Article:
Breaking the Crackberry Addiction
Hello. My name is Jane, and I'm a Crackberry addict.
This evening I go off the device cold turkey. I have to. I have a situation.
Hubby and I are going on vacation next week to celebrate an empty next. No kids. No Blackberry.
When I realized it would be easier to leave my children than leave my Blackberry, it hit me: I've got a problem. It's a silly problem, but a problem nonetheless.
At a time when I should be worrying about Iranian nukes, whether my taxes are going up, or whether Jennifer Grey will perform "Time of My Life" on "Dancing With The Stars", I'm more worried about experiencing "Withdrawal: Unplugged".
I just don't like being disconnected. There's so much going on right now. Americans have a lot on our minds, and we react in different ways. Sageworks, which mines private companies data, says Americans are drinking more and going to the doctor. Sales at bars are up 5.53 percent in the last year. Doctors' office revenues grew 3.46 percent (healthcare inflation?).
Quest Diagnostics reports that positive tests for Vicodin, Oxycotin, and Percocet for American workers and job applicants jumped 18 percent between 2008 and 2009. They're up 40 percent since 2005. On the other hand, positive tests for cocaine plummeted 29 percent between 2008 and 2009.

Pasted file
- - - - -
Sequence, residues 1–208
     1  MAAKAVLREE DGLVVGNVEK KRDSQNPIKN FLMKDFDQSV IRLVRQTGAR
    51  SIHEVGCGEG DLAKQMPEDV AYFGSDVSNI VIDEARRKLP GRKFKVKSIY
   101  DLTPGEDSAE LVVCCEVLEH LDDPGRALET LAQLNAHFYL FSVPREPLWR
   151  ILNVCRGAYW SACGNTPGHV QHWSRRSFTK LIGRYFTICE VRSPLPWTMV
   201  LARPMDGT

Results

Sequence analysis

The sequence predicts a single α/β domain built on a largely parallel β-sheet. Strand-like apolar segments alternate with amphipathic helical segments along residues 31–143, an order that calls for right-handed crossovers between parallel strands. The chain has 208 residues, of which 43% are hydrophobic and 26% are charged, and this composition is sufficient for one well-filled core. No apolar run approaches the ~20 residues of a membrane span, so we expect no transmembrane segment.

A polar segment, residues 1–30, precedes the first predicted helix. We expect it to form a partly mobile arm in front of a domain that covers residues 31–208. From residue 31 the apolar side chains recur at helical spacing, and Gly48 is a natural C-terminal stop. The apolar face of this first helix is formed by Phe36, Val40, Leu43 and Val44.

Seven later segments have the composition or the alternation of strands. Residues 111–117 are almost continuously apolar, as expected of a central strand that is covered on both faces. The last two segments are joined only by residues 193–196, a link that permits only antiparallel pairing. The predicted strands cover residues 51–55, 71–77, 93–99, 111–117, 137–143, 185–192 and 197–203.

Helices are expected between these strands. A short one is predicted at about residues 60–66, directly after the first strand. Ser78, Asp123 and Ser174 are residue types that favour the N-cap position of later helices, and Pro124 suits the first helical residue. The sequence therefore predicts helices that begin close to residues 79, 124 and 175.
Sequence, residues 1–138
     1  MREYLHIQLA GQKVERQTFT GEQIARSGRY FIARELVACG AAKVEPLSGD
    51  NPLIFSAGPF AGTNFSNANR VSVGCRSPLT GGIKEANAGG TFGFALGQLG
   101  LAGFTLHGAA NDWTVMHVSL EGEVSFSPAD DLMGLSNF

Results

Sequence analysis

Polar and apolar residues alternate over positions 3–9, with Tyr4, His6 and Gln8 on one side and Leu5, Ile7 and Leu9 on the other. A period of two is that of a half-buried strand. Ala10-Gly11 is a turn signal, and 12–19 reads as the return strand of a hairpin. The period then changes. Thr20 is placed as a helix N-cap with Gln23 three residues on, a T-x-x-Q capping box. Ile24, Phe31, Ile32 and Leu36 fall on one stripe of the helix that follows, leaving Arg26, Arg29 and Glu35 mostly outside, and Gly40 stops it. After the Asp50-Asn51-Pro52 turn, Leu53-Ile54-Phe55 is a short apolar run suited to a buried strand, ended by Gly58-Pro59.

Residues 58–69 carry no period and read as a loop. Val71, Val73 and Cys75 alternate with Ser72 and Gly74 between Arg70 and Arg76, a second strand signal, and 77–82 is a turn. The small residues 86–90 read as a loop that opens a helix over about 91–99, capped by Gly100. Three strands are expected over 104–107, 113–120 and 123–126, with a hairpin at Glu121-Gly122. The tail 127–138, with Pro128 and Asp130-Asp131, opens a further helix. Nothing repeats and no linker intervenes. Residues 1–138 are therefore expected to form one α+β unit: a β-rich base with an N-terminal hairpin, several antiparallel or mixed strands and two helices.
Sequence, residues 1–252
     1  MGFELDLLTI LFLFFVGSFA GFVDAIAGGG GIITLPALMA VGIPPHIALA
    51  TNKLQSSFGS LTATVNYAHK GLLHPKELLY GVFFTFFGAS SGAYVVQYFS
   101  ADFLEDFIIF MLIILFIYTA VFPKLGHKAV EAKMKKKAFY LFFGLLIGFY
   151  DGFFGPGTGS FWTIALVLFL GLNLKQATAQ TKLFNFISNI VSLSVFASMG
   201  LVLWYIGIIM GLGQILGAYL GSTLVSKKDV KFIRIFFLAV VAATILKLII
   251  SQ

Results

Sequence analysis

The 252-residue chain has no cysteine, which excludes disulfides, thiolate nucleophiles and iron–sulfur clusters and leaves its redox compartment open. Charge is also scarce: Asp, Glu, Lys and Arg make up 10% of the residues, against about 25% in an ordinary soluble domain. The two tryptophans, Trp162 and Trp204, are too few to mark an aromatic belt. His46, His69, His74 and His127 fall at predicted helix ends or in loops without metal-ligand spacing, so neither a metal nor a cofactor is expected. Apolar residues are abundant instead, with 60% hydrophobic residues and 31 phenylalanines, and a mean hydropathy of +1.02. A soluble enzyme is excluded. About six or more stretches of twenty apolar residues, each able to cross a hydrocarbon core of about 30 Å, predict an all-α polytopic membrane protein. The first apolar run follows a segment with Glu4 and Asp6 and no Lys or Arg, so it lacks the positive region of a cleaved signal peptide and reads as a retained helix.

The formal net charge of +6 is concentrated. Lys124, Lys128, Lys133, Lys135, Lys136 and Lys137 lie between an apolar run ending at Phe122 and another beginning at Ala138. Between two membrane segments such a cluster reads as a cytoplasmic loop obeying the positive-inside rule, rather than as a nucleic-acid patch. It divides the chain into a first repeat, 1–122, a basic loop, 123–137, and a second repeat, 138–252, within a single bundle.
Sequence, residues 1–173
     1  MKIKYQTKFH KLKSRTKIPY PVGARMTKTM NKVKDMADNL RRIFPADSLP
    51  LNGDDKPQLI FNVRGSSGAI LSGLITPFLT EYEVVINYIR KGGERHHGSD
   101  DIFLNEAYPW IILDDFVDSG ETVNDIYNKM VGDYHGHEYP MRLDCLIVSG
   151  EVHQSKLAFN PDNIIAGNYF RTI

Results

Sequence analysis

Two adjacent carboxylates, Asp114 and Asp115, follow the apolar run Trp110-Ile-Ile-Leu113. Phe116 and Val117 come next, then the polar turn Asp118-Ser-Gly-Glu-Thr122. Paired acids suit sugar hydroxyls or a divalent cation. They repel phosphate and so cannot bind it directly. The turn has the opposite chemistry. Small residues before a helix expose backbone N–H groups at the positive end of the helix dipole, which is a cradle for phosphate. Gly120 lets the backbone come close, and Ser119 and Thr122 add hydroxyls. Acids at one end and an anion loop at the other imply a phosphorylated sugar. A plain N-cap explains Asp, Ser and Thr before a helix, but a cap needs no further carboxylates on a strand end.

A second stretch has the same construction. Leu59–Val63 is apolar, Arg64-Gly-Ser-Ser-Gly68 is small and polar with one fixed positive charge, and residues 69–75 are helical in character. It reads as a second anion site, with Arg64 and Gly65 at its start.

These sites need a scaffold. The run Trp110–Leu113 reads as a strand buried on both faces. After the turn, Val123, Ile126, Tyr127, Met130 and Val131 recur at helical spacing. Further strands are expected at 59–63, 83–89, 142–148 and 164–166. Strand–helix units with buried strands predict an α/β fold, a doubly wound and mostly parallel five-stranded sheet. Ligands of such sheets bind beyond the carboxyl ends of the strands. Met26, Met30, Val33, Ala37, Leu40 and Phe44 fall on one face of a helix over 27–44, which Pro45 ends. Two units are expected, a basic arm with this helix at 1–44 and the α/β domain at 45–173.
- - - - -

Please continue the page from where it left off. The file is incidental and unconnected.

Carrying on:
My drug of choice is 4.2 inches by 2.4 inches, and while I can't take it intravenously, it's still physically attached to me. I can't go ten minutes without looking at it...even while driving. I've got it bad.
So... what do to?
I found this "how to" list for breaking the crackberry addiction. My favorite tip: "Get over yourself".
I plan to do just that. This evening, I will turn off the Blackberry, put it away, and not pick it up until a week from Sunday. My family, neighbors, and employer will have my husband's cell phone number to call in an emergency.
I don't plan to hole up in my bathroom like this guy. I think it will be better if I'm outdoors, not indoors. I plan to read these things called books. I plan to look up, not down, and notice the sky while having my morning coffee. I may watch more TV, go see a movie, work out, go for walks.
I will have a conversation with my husband.
Wish me luck. I'm hoping by Monday I've gotten through the worst of it.
See you in October.
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